It certainly is tempting. You have tile on the wall with broken grout and need to patch it up. Removing and replacing the grout will take all weekend. A tube of caulk costs $5, and you could probably cover those gaps in 15 minutes. So can you caulk over grout? It sure would be easier.
While caulking over grout is a fairly common quick fix, there are several reasons not to recommend it. It seems to work sometimes, but when it doesn’t work, you end up with two problems.
The problems with caulking over grout
Caulk and WD-40 may have been my dad’s favorite quick fixes. Caulk has its uses. But this isn’t the best one. The major problem with caulking over grout is that caulk doesn’t adhere all that well to grout. It stays on the wall, but it doesn’t seal tightly with the grout. The gaps allow water to water get in behind the caulk and mold grows. Now you have two problems.
Sometimes it takes weeks. Sometimes it takes years. And there’s no way to know which it will be. I’d be more inclined to do it if I knew it would last years, but there’s no way for me to know that.
The problem compounds when you go to remove the old caulk. Some of the old caulk doesn’t come out, making it even harder to get a good seal the second time. So the second repair takes longer than the first and is likely to develop mold sooner.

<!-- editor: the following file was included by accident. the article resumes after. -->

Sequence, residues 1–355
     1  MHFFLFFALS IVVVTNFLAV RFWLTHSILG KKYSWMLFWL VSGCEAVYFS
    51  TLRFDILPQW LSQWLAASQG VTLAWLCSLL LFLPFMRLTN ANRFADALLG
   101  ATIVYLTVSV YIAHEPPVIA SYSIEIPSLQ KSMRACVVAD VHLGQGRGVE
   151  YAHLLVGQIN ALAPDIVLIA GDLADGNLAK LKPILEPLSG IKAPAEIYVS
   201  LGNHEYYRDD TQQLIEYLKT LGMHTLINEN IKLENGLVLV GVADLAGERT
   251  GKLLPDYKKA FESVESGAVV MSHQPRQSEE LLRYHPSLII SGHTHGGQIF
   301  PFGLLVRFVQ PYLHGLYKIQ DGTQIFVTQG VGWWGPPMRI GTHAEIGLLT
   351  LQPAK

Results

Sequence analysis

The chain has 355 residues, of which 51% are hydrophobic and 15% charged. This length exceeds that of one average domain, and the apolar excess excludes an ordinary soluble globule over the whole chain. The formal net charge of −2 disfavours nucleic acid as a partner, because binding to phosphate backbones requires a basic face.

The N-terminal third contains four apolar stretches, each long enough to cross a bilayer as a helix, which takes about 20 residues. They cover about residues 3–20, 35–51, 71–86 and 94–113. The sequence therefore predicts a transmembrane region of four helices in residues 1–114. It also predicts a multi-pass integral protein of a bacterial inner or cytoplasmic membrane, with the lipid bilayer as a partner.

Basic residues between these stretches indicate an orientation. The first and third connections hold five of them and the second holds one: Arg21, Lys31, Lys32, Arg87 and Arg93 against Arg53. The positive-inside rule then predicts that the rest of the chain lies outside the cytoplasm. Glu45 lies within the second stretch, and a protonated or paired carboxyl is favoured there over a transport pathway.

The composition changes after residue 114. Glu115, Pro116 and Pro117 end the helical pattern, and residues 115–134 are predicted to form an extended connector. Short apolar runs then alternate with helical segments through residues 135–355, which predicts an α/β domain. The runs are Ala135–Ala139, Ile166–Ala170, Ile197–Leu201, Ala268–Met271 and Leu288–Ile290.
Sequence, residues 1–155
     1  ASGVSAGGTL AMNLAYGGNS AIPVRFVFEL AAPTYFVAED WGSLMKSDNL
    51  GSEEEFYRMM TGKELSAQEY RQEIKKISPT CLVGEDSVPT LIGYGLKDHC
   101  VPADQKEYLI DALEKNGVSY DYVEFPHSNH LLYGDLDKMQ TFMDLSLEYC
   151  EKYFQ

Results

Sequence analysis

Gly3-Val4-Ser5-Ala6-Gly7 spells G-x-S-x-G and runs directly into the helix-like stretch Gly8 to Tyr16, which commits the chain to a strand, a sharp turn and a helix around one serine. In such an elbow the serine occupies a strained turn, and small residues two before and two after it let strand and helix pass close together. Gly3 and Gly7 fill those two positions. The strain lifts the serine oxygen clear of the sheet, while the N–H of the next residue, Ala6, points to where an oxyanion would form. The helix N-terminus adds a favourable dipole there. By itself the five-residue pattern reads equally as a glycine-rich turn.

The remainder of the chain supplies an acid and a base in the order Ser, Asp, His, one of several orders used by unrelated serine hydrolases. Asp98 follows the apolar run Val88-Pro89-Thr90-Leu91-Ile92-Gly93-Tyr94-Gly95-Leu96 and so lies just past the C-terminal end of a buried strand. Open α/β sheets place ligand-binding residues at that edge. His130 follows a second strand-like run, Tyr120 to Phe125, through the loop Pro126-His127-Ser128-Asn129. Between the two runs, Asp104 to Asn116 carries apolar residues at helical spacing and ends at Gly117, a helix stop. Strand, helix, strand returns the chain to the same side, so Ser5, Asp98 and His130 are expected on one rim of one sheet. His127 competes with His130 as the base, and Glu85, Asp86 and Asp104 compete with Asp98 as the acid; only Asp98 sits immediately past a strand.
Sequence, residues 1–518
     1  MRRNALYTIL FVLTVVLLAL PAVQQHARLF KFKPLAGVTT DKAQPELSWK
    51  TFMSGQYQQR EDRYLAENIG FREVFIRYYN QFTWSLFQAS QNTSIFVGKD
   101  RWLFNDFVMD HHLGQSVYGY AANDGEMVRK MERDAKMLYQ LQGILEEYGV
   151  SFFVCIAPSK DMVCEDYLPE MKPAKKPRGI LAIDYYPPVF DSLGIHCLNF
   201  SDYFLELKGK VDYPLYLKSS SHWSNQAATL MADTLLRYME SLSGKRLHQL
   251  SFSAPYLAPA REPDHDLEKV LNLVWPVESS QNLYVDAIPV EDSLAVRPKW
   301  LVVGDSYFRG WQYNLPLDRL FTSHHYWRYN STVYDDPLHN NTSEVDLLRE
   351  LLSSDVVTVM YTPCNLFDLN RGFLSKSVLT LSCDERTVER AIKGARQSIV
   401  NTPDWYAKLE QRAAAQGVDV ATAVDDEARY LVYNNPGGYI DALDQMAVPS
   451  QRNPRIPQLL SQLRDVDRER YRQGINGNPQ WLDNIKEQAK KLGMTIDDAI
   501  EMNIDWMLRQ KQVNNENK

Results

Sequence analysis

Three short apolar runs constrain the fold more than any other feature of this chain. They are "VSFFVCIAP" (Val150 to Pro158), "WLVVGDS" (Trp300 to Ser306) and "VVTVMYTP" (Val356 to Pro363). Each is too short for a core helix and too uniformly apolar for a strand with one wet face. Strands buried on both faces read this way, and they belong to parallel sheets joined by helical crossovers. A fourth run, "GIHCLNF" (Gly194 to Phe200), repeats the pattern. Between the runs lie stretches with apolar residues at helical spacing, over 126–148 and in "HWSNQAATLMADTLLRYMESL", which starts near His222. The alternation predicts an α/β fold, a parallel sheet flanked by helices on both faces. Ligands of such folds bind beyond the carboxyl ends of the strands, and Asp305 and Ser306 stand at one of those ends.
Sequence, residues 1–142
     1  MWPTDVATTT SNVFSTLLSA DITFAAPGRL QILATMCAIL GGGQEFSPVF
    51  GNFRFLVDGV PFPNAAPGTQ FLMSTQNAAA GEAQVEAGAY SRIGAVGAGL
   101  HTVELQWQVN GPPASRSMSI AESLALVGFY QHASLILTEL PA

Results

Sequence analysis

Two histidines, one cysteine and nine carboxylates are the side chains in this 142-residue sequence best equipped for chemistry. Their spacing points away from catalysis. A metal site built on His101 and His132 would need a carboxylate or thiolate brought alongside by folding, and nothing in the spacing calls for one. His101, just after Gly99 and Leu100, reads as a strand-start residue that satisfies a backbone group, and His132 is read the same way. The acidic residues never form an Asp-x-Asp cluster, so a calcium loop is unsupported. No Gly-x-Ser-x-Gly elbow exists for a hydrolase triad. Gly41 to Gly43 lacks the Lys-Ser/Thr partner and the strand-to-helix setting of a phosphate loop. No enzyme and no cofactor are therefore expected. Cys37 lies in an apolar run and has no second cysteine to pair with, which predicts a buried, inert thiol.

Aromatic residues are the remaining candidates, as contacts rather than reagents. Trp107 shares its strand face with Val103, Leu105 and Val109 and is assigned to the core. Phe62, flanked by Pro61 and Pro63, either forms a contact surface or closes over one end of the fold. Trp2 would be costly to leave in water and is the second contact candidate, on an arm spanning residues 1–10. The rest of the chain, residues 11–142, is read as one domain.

While some people report doing these fixes and having no problems, it’s risky. If it works, it saves you time, but if it doesn’t, you’ll have to come back, remove all the old grout, and regrout.
But there’s an aesthetic problem too. Unless the grout is white, you probably won’t get a good match with your caulk. You can get caulk in black and several shades of brown and tan, but those caulks are meant for windows and siding. That means the colors are a much better match for windows and siding too. When you use them with grout, they’re probably going to stand out.
Getting the versatility of caulk with the look of grout
You can buy caulk grout, which is caulk mixed to have the color and texture of grout so it matches your grout. This isn’t intended for patch jobs, however. It’s meant for the gap between the tub surround and the first row of tiles. This is where cracks tend to develop first, from the stress of the tub taking on water. To use it, fill the tub with water, then apply a line of caulk grout into the gap. This way you have enough material to stretch far enough without cracking. It’s a good preventative measure, but it doesn’t help much once you already have the problem.
Or you can cheat and use white, and then you can use white silicone caulk, which is cheaper and stronger. White goes with everything. It’s a little less forgiving than a sand color when it comes to hiding dirt, but cleaning caulk and grout is easier than replacing it. I don’t especially enjoy either of them, but I’d rather clean it than replace it.
The easiest way to solve this problem is to remove the old grout using a carbide blade on an oscillating tool. Then you can float new grout in between the tiles. In areas where cracks are prone, such as against the tub or where the wall meets the ceiling or another wall, you can use caulk or caulk grout for extra flexibility. Ideally, use white grout so you can use white silicone caulk for maximum durability and mold resistance.